-I choose to date people who are inspiring, intelligent, thoughtful, communicative, in touch with their emotional tapestry, who embrace change as a constant.

– I choose to engage with people who operate with full and honest disclosure; honest communication about all other relationships is paramount to me.

– It is important for me to not just know my metamors, but to develop my own independent friendships with them.

– I will not veto a partner’s other relationships, but if I find myself in unresolvable conflict with someone who is dating one of my sweeties, I can walk away from the relationship with that partner and focus my energy in positive relationships.

– There are two main ways in which I engage in intimate and sexual relationships: there are people who I choose to date and explore Relationships with, and friends who I choose to be sexually and intimately playful with, without dating.

– I don’t do random- even in casual situations, I want to get to know someone first to develop trust and communication.

– I will not have intercourse with someone who I do not feel trust and connection with.

– Sexual health is very important to me. I ask that my dating partners get tested regularly and that playful partners, talk about their STI status before engaging in any kind of fluids contact.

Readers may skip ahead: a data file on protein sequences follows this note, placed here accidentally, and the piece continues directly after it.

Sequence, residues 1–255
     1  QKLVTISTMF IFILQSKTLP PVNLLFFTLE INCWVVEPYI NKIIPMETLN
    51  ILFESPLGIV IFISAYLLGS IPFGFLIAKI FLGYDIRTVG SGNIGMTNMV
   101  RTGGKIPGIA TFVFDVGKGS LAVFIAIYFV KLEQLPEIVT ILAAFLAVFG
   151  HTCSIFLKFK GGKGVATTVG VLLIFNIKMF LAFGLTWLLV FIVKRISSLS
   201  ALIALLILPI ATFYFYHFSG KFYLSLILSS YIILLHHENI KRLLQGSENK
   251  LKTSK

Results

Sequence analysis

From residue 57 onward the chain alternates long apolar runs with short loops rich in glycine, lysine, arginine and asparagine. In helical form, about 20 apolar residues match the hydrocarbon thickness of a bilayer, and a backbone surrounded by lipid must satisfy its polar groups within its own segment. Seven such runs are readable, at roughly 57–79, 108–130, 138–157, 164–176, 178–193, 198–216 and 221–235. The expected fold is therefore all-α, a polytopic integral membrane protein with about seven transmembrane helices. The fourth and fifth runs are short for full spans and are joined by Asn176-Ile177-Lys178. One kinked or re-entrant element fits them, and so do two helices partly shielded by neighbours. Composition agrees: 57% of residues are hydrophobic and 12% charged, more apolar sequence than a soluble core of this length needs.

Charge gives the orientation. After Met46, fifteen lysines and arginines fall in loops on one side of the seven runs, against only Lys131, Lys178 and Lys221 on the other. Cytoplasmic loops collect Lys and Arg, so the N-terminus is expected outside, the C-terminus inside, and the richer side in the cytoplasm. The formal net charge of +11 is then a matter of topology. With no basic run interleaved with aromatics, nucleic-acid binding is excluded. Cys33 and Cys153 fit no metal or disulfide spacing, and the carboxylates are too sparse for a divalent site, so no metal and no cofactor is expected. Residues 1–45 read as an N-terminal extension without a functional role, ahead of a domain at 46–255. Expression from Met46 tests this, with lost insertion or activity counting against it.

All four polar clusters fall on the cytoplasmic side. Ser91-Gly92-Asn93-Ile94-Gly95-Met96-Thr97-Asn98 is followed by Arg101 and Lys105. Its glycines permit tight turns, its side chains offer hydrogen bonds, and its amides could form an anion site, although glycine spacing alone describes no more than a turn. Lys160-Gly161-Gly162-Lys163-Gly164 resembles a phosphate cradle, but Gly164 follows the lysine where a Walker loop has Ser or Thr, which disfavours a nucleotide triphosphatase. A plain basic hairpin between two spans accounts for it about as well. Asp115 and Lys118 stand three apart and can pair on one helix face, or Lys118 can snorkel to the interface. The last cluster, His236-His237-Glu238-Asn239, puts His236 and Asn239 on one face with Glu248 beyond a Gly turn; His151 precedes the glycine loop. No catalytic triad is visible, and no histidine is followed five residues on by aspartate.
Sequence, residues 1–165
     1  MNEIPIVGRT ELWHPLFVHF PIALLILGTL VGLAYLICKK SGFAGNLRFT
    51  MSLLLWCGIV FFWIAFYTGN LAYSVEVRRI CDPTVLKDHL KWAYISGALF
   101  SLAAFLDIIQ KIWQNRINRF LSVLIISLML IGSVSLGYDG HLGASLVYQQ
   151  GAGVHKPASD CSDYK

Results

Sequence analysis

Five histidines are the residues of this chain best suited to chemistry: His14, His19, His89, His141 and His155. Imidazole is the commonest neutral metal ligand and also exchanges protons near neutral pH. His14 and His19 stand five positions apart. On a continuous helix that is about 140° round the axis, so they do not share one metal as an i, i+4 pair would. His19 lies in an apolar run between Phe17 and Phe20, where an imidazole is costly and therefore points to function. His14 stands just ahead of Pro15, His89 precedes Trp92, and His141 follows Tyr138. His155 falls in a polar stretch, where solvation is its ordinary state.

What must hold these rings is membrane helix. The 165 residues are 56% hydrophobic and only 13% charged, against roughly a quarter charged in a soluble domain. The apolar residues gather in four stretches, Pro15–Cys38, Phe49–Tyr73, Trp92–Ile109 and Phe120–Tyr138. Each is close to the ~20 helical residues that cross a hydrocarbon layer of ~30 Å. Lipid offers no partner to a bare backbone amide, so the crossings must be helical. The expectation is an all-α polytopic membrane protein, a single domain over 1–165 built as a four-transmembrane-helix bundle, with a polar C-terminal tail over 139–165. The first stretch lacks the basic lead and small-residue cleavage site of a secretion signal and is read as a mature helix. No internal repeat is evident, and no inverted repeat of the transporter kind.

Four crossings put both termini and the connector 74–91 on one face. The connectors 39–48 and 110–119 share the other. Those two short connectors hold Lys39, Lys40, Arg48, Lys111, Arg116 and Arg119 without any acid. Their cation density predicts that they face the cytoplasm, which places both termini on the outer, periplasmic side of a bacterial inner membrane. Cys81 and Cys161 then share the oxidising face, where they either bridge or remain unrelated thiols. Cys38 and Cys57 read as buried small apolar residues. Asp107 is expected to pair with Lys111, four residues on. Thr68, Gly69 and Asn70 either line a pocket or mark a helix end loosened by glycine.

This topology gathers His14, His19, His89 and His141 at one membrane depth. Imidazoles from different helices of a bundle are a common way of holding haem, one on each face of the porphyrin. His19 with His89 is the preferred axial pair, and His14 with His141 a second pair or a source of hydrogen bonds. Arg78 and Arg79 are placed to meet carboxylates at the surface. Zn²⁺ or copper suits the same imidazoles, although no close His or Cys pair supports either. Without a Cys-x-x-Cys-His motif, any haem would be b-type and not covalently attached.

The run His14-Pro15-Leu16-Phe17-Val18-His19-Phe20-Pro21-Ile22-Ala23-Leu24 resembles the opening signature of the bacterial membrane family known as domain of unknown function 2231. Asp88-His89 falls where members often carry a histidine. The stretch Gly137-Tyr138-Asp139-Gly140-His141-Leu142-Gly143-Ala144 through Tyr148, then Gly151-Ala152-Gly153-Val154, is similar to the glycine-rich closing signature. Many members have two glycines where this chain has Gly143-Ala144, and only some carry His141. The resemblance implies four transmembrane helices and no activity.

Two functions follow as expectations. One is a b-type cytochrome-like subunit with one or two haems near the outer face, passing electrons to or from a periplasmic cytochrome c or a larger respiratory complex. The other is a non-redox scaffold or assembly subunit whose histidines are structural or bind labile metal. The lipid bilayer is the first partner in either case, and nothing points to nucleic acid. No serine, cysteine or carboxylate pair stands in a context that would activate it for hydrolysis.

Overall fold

– I believe that the first priority for every partner should be themselves, and the things that enrich their life- family, children, work, relationships, are all, in my opinion, things that can take priority at different times.

– I embrace the creativity of customizing commitments within each relationship, rejecting the expectations attached to the societal templates for relationshiping.

– I choose to focus on what is within relationships, rather than on what is lacking; I choose to celebrate what each relationship is from moment to moment.

– My priority remains, as always, staying true to the primary relationship with myself, honoring my own edges as I seek to expand them.

butterflyToday marks the 2nd anniversary of my first blog post. Two years of sharing with raw honesty and vulnerability the experiences and lessons I’ve garnered along the way.

This started out as a blog about polyamory, but I think it’s been more of a journal that has chronicled my process of getting clear with myself about what it is I want. I remain humbled that my words have had an impact on so many, and I look forward to continuing to learn new things about my self, my lovers, my friends, my community, and being part of an unfolding paradigm shift in perspective on relationships.

I have embraced singleishness, without running away from connections when they arise, and I’ve learned to love the practice of nurturing that primary relationship with myself- be it taking myself out on a date, prancing around solo through an arts festival in the forest, or spending time journaling at home. I’m filled with gratitude for all the people who have played a part in this process of growing and becoming, and am excited to see what the future will unfold.